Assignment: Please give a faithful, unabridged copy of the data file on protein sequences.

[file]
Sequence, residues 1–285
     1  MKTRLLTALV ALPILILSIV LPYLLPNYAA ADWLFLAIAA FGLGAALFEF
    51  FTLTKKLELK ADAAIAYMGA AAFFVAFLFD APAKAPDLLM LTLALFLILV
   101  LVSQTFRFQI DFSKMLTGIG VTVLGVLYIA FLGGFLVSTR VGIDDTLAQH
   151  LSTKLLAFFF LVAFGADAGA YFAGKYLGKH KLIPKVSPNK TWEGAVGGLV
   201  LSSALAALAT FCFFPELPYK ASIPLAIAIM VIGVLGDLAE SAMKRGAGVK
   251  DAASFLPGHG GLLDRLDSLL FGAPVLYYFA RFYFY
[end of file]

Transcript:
Sequence, residues 1–285
     1  MKTRLLTALV ALPILILSIV LPYLLPNYAA ADWLFLAIAA FGLGAALFEF
    51  FTLTKKLELK ADAAIAYMGA AAFFVAFLFD APAKAPDLLM LTLALFLILV
   101  LVSQTFRFQI DFSKMLTGIG VTVLGVLYIA FLGGFLVSTR VGIDDTLAQH
   151  LSTKLLAFFF LVAFGADAGA YFAGKYLGKH KLIPKVSPNK TWEGAVGGLV
   201  LSSALAALAT FCFFPELPYK ASIPLAIAIM VIGVLGDLAE SAMKRGAGVK
   251  DAASFLPGHG GLLDRLDSLL FGAPVLYYFA RFYFY